One problem dialetheism faces is deciding which sentences get to be true and false. Obviously no one wants to make every contradiction true. But now, when someone says, “Well, I think p” you can’t be sure they don’t also think not-p. What do you do with that? WHERE DOES THE MADNESS STOP?! The obvious candidates are the Liar’s Paradox and related statements - the tricky, self-referential bullshit, really. Those are statements that more or less force you to admit they’re true and false, because they can’t be one without the other and there’s no neat solution in 'neither.’ Graham Priest, maybe the most influential dialetheist still working in the field, has suggested - reminded us, really - that you should accept those statements that you have good evidence for, which he takes to be pretty limiting - you have good evidence that the Liar’s Paradox is both true and false; on the other hand, you have lots of evidence that Elvis is dead, almost no evidence that he is not dead, and definitely no evidence that he both is and is not dead. So you don’t have good reason to believe that “Elvis is dead” is both true and false. It looks like very few statements will turn out to be dialetheias on an evidence based view. Priest also suggests early on that transition states, like when you pass from one room to another, might give us dialetheias - it is true that I am in the room and also that I am not in the room. I’m halfway! These seem less obviously dialetheias to me - “You’re inside and not inside so contradictions can be true!” seems like the kind of bullshit that would make Wittgenstein want to put his head through a goddamn wall.

So we have this hilarious image, an impetuous child angrily stomping her foot and screeching, “Contradictions CAN’T be true! They just can’t!” But really, that’s more or less all we have. Aristotle called the Law of Non-Contradiction the most basic law of reason, period, but that was just his way of gesturing and saying, “Well, I mean, obviously.” He actually gave some reasons, but none of them were super-convincing. It was more like everyone wanted it to be true, so when Aristotle gave some bullshit argument they were like, “Oh, yeah, good enough. Okay. NEXT!” (If there’s enough demand for it, I can summarize that text and/or Priest’s two-millenia-late response.) And can you blame anyone for wanting that to be true? That seems pretty reasonable to me - you’d want some things to be true, and others to be false, and never the 'twain shall meet. When someone says “Hey dude, there are no velociraptors coming,” you don’t want to have to worry, “…but what if there also are velociraptors coming?” So it’s no surprise that Aristotle got away with just sort ofs claiming contradictions are false for so long - we all think like that, which is why shit like the Liar’s Paradox is so goddamn irritating. I mean, Thomas Aquinas thought that even God Almighty Himself couldn’t make contradictions happen. When you think about how many annoyingly obvious things philosophers do question, it’s a testament to how entrenched in our thought non-contradiction really is, that it took two millenia for someone to go, “Uh, guys? Are we sure about this?”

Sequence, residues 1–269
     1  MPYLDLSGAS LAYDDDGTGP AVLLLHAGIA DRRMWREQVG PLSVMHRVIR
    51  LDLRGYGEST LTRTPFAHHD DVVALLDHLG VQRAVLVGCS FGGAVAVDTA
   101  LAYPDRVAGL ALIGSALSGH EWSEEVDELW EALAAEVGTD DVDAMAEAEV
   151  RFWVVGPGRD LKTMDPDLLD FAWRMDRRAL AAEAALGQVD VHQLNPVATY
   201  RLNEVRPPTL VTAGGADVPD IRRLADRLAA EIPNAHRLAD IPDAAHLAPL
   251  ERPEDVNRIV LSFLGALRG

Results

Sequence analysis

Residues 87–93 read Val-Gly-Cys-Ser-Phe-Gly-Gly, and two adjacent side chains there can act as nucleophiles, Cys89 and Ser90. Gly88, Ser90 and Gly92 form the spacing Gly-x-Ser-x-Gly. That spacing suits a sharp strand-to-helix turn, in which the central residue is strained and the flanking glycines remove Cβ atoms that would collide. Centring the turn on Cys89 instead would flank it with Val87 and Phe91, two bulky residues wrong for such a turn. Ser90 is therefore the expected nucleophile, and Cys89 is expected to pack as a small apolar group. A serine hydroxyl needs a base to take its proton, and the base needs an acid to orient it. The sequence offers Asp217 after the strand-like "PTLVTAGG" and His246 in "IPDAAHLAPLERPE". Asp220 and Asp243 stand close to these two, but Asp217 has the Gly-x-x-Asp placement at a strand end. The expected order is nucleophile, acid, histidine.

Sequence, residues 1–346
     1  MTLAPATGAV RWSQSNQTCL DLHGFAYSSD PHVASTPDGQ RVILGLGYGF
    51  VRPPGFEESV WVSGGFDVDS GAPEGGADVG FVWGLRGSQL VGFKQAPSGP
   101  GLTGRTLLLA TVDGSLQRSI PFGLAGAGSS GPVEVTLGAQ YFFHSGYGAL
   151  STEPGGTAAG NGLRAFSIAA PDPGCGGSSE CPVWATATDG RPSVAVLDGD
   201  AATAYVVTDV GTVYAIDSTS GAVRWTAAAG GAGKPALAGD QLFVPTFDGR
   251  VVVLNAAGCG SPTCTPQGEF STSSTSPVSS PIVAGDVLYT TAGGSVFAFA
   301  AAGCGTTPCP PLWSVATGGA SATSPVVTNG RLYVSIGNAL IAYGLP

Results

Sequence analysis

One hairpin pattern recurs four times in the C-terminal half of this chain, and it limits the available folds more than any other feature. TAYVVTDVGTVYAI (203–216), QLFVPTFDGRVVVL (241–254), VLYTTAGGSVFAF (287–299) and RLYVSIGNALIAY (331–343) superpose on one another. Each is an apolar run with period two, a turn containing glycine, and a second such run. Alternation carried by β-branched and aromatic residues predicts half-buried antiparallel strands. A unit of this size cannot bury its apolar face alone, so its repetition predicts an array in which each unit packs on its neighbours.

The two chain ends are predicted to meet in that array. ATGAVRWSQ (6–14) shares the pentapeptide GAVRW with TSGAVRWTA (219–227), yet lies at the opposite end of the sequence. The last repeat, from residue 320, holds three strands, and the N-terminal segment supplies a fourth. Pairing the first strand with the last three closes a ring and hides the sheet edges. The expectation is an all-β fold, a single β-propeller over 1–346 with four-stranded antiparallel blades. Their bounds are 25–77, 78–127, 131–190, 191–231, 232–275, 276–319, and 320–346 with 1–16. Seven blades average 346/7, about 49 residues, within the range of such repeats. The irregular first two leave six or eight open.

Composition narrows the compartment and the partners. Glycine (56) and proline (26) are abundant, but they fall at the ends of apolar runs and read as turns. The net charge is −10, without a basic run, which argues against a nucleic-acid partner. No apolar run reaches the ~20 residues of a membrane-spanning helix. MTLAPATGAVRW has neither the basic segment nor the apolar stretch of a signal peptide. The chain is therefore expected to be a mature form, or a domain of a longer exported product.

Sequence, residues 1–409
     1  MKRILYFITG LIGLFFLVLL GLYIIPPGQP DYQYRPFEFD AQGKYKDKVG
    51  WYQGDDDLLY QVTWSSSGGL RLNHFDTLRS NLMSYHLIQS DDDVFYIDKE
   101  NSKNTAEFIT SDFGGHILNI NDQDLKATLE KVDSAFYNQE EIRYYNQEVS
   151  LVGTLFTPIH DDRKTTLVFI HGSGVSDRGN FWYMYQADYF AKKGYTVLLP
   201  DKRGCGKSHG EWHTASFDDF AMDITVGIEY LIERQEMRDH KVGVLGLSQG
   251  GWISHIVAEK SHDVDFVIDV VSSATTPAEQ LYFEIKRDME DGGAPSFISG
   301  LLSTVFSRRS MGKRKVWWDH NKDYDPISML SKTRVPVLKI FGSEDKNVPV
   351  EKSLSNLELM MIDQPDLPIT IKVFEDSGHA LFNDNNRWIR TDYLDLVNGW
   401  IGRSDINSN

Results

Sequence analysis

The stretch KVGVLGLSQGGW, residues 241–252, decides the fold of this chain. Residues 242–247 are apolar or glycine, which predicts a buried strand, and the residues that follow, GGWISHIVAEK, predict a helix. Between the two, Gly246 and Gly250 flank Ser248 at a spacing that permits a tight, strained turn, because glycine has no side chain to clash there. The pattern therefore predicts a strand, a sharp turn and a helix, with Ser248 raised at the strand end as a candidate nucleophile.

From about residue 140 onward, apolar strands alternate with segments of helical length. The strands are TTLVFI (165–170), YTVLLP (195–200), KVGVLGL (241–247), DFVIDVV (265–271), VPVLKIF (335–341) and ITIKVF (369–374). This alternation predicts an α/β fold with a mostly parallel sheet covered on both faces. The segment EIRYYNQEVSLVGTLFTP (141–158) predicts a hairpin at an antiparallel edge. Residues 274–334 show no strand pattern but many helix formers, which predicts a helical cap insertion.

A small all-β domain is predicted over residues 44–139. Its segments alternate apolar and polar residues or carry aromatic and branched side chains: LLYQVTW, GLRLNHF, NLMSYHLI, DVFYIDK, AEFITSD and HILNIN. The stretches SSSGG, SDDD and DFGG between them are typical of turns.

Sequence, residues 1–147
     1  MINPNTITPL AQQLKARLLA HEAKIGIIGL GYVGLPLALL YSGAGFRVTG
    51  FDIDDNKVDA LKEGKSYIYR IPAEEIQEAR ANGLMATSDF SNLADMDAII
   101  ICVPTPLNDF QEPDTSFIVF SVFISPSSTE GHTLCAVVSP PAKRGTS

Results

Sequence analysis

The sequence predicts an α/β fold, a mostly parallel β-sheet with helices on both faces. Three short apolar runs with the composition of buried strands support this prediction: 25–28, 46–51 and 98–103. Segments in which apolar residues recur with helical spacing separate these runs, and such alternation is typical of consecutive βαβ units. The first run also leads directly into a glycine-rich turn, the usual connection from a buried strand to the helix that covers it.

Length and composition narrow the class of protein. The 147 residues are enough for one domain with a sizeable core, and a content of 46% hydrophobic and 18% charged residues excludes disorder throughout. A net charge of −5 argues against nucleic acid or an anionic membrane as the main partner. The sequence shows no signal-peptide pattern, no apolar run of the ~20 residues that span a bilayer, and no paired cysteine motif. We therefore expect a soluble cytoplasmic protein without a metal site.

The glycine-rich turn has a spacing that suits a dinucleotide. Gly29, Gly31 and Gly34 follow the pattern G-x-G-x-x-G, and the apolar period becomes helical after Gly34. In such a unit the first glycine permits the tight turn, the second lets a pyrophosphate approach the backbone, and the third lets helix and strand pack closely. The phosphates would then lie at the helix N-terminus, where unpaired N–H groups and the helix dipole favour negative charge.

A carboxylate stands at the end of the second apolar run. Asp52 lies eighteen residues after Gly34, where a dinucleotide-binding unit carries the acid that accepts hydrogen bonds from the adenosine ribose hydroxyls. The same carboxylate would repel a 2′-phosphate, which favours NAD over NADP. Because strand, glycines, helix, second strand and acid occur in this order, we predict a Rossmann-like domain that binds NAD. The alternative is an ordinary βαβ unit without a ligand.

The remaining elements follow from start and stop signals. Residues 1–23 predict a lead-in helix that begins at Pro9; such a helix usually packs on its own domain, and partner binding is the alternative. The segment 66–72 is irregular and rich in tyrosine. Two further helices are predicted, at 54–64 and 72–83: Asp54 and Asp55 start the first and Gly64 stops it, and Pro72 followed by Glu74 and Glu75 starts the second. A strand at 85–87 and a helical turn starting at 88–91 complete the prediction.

But eventually, someone did. So, here we are. So the short answer to your question, Matthew, might just be “Well, it turns out there just are true contradictions. Sorry for partying.”

For more on dialetheism, the SEP page is really good if you’ve got the time - it is a technical introduction, but it is minimally technical.

Karl Popper's "Introduction to the Logic of Science:" A Summary

Robert Nozick's "State-of-Nature Theory, or How to Back into a State without Really Trying:" A Summary